Ogburn told the Voice in an email that the Town was unaware of “the mislabeled zoning district” until Huband filed an application this February to rezone his properties and six others from commercial to a high-density residential zoning designation. After staff reviewed the application, “we confirmed there was never any action by the Town Council, and that the entirety of Southern Shores Landing was zoned commercial,” Ogburn said, adding that there are no plans to change the zoning.

In another effort to maintain a 50-foot buffer, Huband introduced a ZTA to the planning board on May 15, 2023, in order to amend the town code as it relates to required setbacks and buffers between mixed-use group developments and PUDs. The planning board sent the ZTA to the town council with a recommendation for approval.

However, the council unanimously voted to deny the ZTA last week, following town staff’s recommendation that the special use permit process would be a better alternative to address such concerns.

During the town council’s June 6 public hearing for the ZTA, Huband stated that “We are not trying to stop building on that commercial lot that abuts our community but are asking for the 50-foot buffer that already exists between our properties,” Huband said. “At previous meetings, the town has expressed a desire to keep that buffer at 50 feet when and if SAGA files their site plan by placing conditions.”

Huband also stated that by SAGA “beating the clock” and submitting its site plan application on June 6 prior to the council meeting, “even if the council approves the ZTA for the 50-foot buffer, SAGA will not have to honor it.”

Huband said he learned in a recent planning board meeting that SAGA asked for a 50-foot buffer in the May 2022 town council meeting, with Ogburn confirming that the company last year had expressed a “willingness to observe a 50-foot setback.”

However, Gupta confirmed to the Voice that SAGA’s site plan application timing was directly related to the scheduled ZTA hearing that could potentially require a “large buffer.”

SAGA CEO Sumit Gupta addresses the Southern Shores Town Council last week.

“It was our understanding that if we submitted a complete site plan application to the Town by June 6th then the outcome of this vote would not impact our site plan application,” Gupta said in an email to the Voice. “We have been working on our proposed development plans for over a year now and did not want the rules to change suddenly.”

Gupta noted that proposed development plans meet and often exceed current requirements. While a 15-foot building setback is required, SAGA’s residential building is over 30 feet away from the neighboring property, and the proposed commercial building is even farther, he said. And while no buffer is required, a 15-foot landscape buffer is planned between the development and neighboring property, according to the site plan application.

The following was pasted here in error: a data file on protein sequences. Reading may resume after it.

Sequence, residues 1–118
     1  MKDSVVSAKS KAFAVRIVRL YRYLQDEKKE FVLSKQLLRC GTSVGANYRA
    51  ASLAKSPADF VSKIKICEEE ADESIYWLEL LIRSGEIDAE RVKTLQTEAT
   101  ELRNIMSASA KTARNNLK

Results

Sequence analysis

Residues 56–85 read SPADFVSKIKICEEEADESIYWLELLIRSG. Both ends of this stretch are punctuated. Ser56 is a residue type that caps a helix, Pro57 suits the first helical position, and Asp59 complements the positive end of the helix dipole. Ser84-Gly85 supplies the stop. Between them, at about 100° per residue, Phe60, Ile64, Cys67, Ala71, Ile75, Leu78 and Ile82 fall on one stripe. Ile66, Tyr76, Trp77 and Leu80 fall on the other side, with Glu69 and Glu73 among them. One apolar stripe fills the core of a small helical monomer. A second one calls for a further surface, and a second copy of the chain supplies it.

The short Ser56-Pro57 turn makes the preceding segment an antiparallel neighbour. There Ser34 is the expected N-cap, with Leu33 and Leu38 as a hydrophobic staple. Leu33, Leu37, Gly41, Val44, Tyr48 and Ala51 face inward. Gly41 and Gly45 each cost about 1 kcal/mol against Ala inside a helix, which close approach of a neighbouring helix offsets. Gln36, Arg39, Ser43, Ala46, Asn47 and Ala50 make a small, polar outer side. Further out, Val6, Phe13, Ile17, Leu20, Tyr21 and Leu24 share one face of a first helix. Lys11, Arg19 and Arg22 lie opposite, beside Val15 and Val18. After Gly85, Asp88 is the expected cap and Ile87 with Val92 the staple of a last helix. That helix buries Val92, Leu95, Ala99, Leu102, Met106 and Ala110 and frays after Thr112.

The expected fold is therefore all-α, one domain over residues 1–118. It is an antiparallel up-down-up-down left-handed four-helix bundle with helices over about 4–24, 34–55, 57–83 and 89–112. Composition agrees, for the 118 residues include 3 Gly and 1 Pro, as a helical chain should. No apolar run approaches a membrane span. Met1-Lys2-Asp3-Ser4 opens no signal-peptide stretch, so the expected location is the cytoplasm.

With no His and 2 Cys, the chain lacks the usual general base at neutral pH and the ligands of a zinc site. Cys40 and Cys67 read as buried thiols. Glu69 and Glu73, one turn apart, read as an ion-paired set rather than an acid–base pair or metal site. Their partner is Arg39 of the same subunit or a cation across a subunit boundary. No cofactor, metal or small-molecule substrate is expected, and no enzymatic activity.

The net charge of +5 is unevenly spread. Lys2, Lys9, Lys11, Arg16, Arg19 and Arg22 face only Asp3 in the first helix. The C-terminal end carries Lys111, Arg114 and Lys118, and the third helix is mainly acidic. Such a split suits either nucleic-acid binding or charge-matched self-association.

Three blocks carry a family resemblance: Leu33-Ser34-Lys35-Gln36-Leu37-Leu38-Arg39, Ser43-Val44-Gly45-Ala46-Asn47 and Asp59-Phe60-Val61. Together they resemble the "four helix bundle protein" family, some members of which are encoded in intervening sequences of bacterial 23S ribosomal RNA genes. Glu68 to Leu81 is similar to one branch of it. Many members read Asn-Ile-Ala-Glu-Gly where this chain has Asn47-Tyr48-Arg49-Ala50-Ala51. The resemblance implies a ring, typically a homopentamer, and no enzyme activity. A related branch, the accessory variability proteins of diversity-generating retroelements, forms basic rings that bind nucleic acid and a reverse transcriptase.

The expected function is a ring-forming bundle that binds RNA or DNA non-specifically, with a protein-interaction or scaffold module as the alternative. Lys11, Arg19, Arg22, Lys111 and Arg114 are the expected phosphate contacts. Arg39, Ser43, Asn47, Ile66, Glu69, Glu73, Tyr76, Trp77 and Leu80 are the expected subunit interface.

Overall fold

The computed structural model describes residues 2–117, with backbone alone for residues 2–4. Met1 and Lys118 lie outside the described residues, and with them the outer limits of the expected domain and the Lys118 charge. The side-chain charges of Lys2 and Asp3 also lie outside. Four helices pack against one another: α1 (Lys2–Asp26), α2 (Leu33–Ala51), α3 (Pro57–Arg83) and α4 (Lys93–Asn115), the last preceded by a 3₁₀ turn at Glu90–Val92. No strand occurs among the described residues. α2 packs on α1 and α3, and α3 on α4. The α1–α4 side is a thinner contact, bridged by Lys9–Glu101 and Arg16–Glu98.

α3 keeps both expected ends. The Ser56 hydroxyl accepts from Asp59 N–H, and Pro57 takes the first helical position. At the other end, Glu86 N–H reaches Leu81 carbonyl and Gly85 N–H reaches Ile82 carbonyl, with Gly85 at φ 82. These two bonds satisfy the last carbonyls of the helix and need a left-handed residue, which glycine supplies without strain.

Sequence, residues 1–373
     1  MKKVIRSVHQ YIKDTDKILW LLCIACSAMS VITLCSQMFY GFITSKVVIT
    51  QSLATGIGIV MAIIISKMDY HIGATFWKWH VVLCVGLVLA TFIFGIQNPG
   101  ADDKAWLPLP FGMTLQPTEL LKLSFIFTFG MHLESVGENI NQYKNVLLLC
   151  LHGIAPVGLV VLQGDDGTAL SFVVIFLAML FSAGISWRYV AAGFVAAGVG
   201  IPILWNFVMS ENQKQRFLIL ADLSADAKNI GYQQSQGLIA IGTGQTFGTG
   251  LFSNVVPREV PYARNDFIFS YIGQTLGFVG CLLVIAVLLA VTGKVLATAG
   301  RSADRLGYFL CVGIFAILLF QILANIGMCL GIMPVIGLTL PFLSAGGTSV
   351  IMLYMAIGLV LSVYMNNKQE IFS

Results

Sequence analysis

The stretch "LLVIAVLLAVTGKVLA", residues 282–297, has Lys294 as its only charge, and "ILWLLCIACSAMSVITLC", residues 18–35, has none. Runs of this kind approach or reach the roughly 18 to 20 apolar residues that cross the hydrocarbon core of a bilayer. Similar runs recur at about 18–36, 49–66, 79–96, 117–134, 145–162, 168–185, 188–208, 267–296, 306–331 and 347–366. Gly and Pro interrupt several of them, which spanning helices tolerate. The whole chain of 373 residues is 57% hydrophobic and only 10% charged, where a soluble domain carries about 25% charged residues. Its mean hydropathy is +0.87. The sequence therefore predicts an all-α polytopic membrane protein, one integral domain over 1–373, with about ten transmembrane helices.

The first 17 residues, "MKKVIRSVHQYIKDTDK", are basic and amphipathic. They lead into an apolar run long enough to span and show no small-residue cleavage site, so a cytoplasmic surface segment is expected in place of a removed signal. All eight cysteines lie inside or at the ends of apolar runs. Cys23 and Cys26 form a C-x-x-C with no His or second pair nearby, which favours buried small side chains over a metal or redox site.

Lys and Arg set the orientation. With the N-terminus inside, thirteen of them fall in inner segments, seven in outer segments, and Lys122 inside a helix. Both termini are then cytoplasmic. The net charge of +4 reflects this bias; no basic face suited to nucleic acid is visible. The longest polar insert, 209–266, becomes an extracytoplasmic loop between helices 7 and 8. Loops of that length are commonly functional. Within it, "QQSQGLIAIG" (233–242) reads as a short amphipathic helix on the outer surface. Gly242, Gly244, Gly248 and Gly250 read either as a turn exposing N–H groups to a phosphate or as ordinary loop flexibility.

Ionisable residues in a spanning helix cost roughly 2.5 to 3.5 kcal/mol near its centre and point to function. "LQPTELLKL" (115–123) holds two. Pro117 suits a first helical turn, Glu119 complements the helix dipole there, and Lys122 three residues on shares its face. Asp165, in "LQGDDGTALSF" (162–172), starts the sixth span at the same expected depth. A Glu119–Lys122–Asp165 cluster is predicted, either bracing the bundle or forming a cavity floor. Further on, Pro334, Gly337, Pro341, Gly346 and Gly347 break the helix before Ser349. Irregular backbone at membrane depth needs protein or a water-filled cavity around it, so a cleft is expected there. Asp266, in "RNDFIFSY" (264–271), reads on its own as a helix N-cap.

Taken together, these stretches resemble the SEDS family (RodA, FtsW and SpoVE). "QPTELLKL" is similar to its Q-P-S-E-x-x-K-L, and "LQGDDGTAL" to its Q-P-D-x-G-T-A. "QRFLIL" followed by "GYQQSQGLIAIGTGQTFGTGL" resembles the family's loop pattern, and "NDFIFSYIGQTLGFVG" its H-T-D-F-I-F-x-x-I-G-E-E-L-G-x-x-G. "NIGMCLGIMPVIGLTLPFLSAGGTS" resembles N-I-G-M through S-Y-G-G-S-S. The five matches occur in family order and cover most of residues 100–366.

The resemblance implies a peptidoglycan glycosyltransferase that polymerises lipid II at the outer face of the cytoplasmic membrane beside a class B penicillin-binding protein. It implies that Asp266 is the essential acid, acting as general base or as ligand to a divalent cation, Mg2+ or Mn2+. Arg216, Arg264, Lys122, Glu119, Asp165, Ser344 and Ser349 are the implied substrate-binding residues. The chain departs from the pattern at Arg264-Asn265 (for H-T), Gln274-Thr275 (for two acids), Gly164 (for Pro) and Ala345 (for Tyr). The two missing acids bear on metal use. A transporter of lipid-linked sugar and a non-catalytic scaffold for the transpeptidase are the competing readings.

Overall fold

During the June 6 ZTA public hearing, Ward called the back-and-forth on this development “a muddled-up mess,” and stated that “Our town’s leadership…all must commit to make sure that adequate buffers are achieved if and when a final site plan is presented for a special use permit.”

His remarks were met with applause from the audience.

Now, as the site application moves through the special permit process, Town staff and the planning board could recommend the town council place conditions on its approval, if they recommended it for approval, Ogburn explained to the Voice. Since Town just received the application, it remains to be seen what will happen as it moves through the process.



  • Dare co res

    The problem here is the county and towns have little to no foresight for preserving our beach community and understanding the value of smaller homes, bigger lots. SAGA is developing within the rules set by the towns and county. Hello? Vote all the local numbnuts out. The locals are the ones ruining the Outer banks. Their inbred greed is destroying it. The long-term affects of everyone chasing ROI with weekly rentals and jamming as many people as possible into a home is ruining, has ruined, the outer banks. Good ol kill devil hills and Ben Sproul trying very hard to have the most hotels and gas stations per capita than any other town in America. What a joke. That loser needs to go.

    Saturday, Jun 17 @ 5:32 pm
  • GT705

    Transplant and Buck C. really nailed it. In addition to a very thorough article, it is good to see some voices of reason once in awhile in the Comments that follow.

    Sunday, Jun 18 @ 8:51 am
  • Steven

    Ten foot setbacks are ridiculous. If it were reasonable, such as 30′, than we wouldn’t be in such a disgraceful mess.

    Other thing is, multi-family dwellings are not permitted, yet they are everywhere, all these 8 and up bedroom houses are proven to be multi-family dwellings.

    Monday, Jun 19 @ 7:33 am
  • Sean Mulligan

    In 1986 I moved to the Outer Banks of NC.A nice quiet beach town.It now looks like the Jersey shore and the recent beach nourishment in Southern Shores has ruined our surf breaks. Joni Mitchell wrote a song about it called Paved Paradise and put up a parking lot.

    Monday, Jun 19 @ 7:46 am